By David Rode
It has become all too common for B2B SaaS companies to survey their customers once a year through a moment-in-time customer relationship survey, with at least one section addressing the ultimate question of Net Promoter Score (NPS).
Assuming the results are positive, the company then proudly presents their board with the survey results compared to industry benchmarks and proceeds with the board meeting. “Let’s move on to how many new customers you acquired” is likely the next agenda item.
Relationship surveys, however, should be designed to gauge loyalty and solicit direct feedback from customers who not only bought your solution, but from customers who use your solution as well. Your customers who bought your product and solution did so for a reason – because they believed it would add business value to their organization. Your customers who actually use your product and solution every day can help to prove (or disprove) that business value.
If you are focused on customer retention, then you need to know the answer to the question of NPS for your company: “How likely are you to recommend my product or service?”
But there are two very common pitfalls around this answer that are luring boards and their portfolio companies into a false sense of security.
Pitfall #1: NPS reports aren’t showing the full picture
NPS reported to the board is often only made up of responses from a few key stakeholders across the portfolio company (likely the person that writes the checks, the business sponsor of the solution, or the administrative “champion”), and is not necessarily representative of the company’s overall end-user population.
Many SaaS companies are hesitant to ask the NPS question of their hundreds of end-users, so instead they end up only taking feedback from a few key stakeholders – a.k.a. the folks they’ve endeared themselves to since the start of the sales pursuit.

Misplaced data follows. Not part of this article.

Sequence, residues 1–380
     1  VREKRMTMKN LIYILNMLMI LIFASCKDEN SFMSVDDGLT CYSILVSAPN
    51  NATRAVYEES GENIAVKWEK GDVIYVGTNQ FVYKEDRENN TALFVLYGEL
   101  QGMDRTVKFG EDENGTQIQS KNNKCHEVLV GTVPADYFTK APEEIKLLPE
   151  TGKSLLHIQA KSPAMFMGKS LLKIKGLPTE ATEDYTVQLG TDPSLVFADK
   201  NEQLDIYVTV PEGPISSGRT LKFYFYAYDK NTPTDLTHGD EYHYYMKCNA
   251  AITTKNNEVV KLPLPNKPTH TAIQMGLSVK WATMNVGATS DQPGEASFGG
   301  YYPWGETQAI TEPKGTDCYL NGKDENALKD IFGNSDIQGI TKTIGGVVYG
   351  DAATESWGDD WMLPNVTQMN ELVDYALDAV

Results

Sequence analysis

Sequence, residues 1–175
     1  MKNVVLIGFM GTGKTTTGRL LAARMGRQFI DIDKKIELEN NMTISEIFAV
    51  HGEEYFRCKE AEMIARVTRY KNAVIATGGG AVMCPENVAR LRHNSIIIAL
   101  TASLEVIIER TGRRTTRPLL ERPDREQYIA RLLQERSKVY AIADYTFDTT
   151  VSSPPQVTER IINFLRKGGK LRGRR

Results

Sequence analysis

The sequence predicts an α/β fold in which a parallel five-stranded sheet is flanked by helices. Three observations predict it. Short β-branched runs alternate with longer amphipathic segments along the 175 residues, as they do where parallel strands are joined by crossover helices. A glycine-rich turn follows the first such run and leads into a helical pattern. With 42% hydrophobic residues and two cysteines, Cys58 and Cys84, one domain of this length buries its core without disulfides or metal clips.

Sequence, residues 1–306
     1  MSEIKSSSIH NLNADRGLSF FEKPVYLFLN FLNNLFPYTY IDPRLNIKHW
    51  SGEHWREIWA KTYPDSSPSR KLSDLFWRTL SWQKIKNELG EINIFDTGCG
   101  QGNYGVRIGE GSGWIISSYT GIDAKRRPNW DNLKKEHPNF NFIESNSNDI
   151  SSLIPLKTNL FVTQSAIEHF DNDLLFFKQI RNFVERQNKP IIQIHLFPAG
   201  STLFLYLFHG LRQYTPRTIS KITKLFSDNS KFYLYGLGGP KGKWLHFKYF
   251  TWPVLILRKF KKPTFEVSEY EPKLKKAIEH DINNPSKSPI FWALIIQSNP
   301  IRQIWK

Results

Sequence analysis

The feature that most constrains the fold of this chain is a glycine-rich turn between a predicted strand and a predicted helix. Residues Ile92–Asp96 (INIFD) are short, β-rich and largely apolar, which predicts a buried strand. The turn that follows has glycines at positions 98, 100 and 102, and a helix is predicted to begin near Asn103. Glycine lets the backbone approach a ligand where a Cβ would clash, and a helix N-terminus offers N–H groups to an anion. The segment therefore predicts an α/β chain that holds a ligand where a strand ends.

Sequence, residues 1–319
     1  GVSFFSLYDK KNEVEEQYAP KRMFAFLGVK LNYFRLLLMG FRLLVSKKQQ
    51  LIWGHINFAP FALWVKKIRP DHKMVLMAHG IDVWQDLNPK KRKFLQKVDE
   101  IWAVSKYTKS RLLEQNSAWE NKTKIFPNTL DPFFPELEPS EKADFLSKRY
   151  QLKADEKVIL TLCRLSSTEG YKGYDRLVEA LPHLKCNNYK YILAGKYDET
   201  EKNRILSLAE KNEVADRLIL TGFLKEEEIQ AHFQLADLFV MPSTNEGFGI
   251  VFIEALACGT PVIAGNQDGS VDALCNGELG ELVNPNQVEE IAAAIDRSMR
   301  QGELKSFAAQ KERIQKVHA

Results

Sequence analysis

“We love these guys!”
That’s great, but the fact is that end-users are your customers too.
After key stakeholders purchase your solution, it is the people that use your product that must be satisfied and, ultimately, advocate for your product.
If an abundance of end-users using your product are detractors or passives, then you will inevitably experience a groundswell of negative sentiment that will bubble up to those key stakeholders that have come to be like family. These end-users do not care of about schmoozing or company swag or fancy steak. All they want is a better quality of life from using your product. If you aren’t getting their feedback, you are sticking your head in the sand.
Don’t be like this guy.
Pitfall #2: NPS isn’t being measured regularly
Only getting feedback from an annual customer relationship survey to determine your NPS is like going to the doctor once a year, but then blowing off any recommended health adjustments and not checking your vitals until your next physical. You could be dead by then. I’m not joking.
The same applies for B2B SaaS companies. Checking the pulse of your customers once a year (or not at all) is a bad habit… and …read more
Read more here:: B2CMarketingInsider